Researchers from the Universitat Jaume I (UJI), in Castelló, Spain, and the University of Oxford, UK, have designed a highly efficient solar cell based on perovskite as light absorber and a combination of titanium oxide and graphene as charge collector. The device, fabricated at temperatures below 150 degrees Celsius, achieved a record efficiency of 15.6% for graphene solar cells.
Applied physics professor Juan Bisquert concurs, perovskite is happening in solar. (Two upcoming conferences — Hybrid and Organic Photovoltaics HOPV 2014 and Solution-Processed Semiconductor Solar Cells SPSSC 2014 — will feature special sessions on perovskite.) “The material has extraordinary photovoltaic properties, and it has jumped very rapidly since discovery to competitive conversion efficiencies.” Under his leadership, the Group of Photovoltaic and Optoelectronic Devices (DFO) at UJI, together with Henry Snaith's group at Oxford, have built a photovoltaic (PV) device based on graphene (solar’s other darling material) and perovskite. “Optimising contacts to the perovskite absorber is a major route of development for this technology,” he says, adding that a combination of graphene and TiO2 has shown outstanding properties.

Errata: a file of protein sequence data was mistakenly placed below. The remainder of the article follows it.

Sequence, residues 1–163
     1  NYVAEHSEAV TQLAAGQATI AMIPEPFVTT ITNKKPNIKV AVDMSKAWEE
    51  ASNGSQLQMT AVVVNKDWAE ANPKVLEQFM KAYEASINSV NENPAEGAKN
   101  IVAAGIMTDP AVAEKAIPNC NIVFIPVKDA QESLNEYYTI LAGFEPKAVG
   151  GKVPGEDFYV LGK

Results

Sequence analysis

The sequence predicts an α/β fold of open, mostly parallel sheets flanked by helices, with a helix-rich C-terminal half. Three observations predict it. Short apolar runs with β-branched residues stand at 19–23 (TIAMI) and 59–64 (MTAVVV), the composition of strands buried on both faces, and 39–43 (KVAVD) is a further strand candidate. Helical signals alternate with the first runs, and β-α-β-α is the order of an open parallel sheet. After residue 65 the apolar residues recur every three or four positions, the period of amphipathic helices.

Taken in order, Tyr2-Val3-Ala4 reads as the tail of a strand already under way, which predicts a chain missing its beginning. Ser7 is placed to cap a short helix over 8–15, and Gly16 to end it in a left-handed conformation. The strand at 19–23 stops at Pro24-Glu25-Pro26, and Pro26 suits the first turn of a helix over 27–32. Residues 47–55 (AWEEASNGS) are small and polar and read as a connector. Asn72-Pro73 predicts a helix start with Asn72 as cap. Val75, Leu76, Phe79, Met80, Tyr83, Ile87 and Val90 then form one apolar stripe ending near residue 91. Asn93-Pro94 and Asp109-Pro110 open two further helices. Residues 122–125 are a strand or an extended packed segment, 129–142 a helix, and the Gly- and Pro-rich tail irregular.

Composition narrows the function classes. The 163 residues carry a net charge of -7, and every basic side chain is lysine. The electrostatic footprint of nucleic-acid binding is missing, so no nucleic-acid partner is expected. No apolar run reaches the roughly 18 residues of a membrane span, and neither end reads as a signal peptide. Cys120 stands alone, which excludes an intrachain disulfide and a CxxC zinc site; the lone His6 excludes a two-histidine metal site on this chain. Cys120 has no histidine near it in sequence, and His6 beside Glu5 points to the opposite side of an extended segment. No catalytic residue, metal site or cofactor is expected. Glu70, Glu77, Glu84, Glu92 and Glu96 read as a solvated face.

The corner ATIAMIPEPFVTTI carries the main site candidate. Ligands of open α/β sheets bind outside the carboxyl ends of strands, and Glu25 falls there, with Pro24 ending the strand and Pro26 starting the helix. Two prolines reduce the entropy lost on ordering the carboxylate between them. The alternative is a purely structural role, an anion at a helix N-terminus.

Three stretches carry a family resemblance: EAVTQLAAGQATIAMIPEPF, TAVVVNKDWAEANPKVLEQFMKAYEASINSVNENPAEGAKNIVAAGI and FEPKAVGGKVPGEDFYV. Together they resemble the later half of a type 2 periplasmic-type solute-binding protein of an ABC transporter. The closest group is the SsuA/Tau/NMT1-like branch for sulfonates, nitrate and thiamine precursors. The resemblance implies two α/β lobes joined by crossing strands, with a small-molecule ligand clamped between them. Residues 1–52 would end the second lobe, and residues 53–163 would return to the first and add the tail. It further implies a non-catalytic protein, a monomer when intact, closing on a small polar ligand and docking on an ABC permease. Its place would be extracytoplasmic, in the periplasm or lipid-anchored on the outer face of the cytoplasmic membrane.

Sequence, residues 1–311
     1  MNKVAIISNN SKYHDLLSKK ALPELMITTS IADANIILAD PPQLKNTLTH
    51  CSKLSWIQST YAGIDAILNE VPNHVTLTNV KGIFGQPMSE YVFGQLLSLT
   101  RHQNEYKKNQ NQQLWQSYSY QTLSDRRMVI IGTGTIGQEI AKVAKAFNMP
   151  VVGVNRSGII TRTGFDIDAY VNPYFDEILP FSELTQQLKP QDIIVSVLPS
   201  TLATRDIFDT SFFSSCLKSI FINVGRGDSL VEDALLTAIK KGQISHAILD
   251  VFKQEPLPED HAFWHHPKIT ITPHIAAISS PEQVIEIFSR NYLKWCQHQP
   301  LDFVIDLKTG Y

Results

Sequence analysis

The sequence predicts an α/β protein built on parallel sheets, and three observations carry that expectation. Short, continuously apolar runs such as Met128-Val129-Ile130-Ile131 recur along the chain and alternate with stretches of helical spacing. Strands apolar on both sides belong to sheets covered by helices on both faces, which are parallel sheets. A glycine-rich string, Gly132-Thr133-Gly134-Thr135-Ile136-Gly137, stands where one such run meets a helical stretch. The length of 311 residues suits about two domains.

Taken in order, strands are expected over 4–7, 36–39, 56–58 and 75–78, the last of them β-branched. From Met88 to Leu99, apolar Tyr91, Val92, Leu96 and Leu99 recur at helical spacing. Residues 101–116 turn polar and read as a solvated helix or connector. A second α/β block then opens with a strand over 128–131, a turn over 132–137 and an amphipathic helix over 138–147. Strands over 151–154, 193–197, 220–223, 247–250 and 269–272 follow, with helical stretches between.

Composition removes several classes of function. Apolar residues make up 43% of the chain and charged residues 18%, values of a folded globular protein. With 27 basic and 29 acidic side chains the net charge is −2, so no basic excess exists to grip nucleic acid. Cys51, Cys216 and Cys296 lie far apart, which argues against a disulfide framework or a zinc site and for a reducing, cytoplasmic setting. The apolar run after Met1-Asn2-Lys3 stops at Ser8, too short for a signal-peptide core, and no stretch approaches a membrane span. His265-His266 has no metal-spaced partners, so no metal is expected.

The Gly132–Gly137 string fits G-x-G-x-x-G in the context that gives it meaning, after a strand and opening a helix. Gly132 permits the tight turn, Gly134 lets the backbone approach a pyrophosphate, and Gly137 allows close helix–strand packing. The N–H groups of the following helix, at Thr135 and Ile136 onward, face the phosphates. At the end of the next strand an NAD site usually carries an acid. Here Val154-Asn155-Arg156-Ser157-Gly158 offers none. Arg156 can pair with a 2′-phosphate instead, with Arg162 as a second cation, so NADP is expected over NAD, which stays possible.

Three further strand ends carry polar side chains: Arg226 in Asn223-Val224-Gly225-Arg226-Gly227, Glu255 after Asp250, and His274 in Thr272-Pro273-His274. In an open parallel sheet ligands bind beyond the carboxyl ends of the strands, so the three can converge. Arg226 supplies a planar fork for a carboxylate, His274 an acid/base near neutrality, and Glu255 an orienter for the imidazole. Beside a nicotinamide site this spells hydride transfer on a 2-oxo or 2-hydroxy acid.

Bisquert believes that what makes this device highly efficient at converting sunlight is that graphene matches perovskite’s energy level for extracting electrons remarkably well, which improves the photocurrent the cell delivers. The professor illustrates why the record-achieving device could be a game-changer for solar energy: “The processing temperature is a key factor for the final cost of the cell,” he says. Thanks to this new combination of materials, the “hottest” processing step occurs below 150 degrees Celsius. “Combined with availability of materials, this device has the potential for a real cheap high efficiency technology.”
However, this new type of device based on a combination of perovskite and graphene is not quite ready for commercialisation. For one thing, Bisquert says, “The stability of the material has to be improved, but this will depend also on encapsulation issues.” Once “the scientific community” can sufficiently innovate the raw components of the cell, “20% efficiency seems very possible to reach.”
Due to its record-breaking sunlight conversion efficiency in combination with the low processing temperatures, which will lower manufacturing costs, this thin-film photovoltaic device “should aim at the large scale energy supply,” Bisquert says, in regard to potential applications. “But it also has desirable properties for fancy or portable applications.”
The next step for Bisquert and his team? “We want to understand how this new and miraculous material works inside,” he says. “This will open the door for further improvements of materials. Perovskite has a rich structure and allows lots of combinations of components.”
The results of this study are detailed int he article “Low-Temperature Processed Electron Collection Layers of Graphene/TiO2 Nanocomposites in Thin Film Perovskite Solar Cells,” published in Nano Letters.
Written by Sandra Henderson, Research Editor Solar Novus Today